I don’t have many friends here in New Zealand. In fact, aside from my colleagues at the school, I’ve met hardly anyone. This dilemma is the three-fold product of not having a vehicle, awaiting my first pay stub, and working full-time. But the longer I’m confined to my corner of town, the more I find that belonging to a place is a funny thing. And, in fact, this sense of belonging is not terribly difficult to achieve if one tries.
Consider my almost daily trip to the carry out place down the street, or as they say here in New Zealand the “take away.” By the by, I can’t say I understand the nomenclature. But then again, I can’t understand why Kiwi drive on the left side of the road and substitute the letter “s” for “z” in ways that make no sense. For example, if New Zealanders had the word in their vocabulary, “privatize” would be spelt “privatise.”
I suppose it’s not only the nomenclature that makes little sense. They play cricket here too.
God bless America.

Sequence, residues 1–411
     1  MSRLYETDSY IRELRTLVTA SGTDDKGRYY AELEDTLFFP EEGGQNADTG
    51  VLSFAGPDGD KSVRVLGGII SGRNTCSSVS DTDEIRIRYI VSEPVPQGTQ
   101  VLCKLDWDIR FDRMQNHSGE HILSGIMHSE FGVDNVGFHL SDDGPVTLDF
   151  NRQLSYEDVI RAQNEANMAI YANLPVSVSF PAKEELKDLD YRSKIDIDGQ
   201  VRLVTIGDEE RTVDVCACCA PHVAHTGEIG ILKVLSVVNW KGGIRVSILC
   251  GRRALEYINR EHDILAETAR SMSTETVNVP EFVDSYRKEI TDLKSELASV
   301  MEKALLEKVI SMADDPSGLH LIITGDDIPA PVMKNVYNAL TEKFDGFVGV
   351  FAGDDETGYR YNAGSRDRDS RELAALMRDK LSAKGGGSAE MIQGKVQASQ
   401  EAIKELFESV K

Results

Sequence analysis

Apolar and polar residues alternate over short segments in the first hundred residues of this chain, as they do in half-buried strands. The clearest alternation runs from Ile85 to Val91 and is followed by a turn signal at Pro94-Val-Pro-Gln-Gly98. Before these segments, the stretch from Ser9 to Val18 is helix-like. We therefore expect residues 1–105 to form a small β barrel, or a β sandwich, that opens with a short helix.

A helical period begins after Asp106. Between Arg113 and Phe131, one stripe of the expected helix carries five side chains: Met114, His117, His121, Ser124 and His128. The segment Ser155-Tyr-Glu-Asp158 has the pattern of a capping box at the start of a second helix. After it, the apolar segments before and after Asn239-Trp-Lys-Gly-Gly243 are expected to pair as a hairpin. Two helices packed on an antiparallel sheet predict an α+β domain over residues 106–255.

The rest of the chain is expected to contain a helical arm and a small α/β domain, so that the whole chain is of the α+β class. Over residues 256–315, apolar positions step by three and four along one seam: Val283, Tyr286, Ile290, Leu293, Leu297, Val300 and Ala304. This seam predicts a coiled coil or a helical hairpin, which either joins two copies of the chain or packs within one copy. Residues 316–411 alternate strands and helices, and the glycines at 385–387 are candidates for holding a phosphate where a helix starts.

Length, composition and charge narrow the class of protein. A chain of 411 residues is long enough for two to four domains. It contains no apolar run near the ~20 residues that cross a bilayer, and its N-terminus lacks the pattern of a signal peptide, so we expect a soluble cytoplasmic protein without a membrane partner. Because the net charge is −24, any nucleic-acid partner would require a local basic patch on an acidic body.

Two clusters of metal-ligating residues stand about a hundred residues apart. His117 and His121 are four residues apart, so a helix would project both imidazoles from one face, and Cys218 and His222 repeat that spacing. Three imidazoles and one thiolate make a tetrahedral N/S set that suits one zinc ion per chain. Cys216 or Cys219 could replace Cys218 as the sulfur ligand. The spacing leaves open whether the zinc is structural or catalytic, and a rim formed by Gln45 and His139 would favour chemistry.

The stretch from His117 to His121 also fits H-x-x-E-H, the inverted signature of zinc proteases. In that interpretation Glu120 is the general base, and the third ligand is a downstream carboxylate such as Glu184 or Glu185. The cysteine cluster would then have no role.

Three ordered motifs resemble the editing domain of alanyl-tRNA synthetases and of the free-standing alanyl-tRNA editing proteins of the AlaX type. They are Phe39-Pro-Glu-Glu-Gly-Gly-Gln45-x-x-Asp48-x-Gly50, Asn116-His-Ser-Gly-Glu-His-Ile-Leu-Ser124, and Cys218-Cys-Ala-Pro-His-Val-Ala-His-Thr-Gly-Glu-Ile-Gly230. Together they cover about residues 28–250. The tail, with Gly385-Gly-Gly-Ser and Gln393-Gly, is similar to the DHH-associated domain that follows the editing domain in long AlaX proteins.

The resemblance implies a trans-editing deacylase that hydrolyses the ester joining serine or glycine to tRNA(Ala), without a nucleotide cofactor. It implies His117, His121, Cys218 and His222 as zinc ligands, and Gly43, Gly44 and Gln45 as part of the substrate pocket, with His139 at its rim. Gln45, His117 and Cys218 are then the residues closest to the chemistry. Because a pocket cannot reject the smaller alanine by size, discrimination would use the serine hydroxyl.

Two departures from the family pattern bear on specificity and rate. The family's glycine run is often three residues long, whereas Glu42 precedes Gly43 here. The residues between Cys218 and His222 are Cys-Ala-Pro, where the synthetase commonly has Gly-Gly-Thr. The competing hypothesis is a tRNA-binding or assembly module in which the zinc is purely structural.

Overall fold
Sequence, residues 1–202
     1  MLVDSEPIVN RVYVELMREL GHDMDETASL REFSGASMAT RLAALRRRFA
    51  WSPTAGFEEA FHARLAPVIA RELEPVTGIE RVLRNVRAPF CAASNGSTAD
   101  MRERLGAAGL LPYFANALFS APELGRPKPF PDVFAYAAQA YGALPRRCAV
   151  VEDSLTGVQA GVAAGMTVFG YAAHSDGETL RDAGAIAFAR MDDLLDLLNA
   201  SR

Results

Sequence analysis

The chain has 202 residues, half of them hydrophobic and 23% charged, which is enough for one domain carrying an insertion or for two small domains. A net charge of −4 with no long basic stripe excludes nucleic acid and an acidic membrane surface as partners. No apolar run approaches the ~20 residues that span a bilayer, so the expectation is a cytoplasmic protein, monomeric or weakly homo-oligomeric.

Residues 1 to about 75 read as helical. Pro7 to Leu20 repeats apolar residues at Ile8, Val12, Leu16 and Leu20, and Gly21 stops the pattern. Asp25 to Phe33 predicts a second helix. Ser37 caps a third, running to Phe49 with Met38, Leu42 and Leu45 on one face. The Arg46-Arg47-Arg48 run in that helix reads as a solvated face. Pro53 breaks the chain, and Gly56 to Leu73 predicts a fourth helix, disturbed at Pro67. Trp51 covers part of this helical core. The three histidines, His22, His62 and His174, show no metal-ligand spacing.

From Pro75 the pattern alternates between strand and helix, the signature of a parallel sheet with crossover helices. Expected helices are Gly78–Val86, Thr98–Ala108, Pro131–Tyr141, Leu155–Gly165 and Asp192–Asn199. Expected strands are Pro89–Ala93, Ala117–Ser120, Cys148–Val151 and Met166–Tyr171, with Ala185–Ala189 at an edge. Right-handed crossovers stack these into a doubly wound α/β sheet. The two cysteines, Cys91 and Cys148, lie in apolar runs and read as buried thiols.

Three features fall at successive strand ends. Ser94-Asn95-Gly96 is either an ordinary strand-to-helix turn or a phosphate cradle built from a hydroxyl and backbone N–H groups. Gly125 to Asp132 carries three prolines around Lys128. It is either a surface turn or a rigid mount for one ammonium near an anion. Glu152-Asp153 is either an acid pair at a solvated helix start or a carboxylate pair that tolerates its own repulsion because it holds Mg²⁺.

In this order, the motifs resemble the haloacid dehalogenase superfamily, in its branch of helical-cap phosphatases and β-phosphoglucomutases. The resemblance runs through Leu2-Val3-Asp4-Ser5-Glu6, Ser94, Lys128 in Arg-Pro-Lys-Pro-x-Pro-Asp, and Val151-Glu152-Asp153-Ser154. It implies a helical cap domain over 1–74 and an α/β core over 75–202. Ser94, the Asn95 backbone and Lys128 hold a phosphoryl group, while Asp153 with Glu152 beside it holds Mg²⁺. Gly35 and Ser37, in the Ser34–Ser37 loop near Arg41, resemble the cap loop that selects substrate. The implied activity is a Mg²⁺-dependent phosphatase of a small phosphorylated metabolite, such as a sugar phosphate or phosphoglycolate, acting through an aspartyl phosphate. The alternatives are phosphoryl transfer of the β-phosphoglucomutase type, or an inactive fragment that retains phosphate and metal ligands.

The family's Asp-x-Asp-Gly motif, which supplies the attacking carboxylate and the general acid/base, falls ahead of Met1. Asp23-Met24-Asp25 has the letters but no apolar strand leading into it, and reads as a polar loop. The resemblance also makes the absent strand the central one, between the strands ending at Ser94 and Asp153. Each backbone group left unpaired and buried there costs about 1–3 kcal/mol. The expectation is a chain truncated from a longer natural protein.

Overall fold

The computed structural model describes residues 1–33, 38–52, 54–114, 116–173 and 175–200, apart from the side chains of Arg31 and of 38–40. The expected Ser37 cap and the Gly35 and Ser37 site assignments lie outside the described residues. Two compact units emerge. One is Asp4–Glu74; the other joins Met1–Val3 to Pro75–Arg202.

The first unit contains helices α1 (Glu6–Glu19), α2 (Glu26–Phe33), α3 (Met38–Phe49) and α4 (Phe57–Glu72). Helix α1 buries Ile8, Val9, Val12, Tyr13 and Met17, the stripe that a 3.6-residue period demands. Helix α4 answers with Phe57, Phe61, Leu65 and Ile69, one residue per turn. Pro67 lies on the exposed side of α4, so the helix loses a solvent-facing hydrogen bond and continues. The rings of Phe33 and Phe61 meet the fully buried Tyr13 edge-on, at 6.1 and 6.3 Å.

Anyway, back to my take away shop.
It’s difficult to chat sometimes with the amiable proprietor given our language barrier. As noted, I speak American whilst they speak English with inflections of Vietnamese. But I come in often, and I feel rather comfortable here. They’ve also gotten to know me quite well and usually fire up a cheese burger when they spot me crossing the street.
The place is run by a father, his son, and his wife – who, incidentally, speaks way better English than either bloke. But it’s the father who’s the chatty sort. He likes to give me a hard time for ordering the cheapest, least healthy thing on the menu. I can’t understand him all the time, but those times I can’t, I’m pretty sure he’s saying in Vietnamese that I’m going to give myself a heart attack. I respond to his shenanigans by reminding him that my consistent patronage keeps him in business. This always gets a good laugh.
Tomorrow, we’ll repeat the schtick. Because, after all, we both know I’ll be back.
And that’s the funny thing really. My analytical mind knows that this is a transactional relationship. He and I chat because we both want to continue the arrangement: he provides a service and I pay him for providing me with food. But in nearly all ways, it’s a perfectly honest, open relationship. Does that make it less of a friendship because its transactional? I don’t think so.
The bottom line is that they are keeping me well-fed and I am helping to keep them in business. And when you share a small corner of the globe in a small corner of the country, in a small corner of town, well, that’s just what neighbors do.
– Posted using BlogPress from my iPhone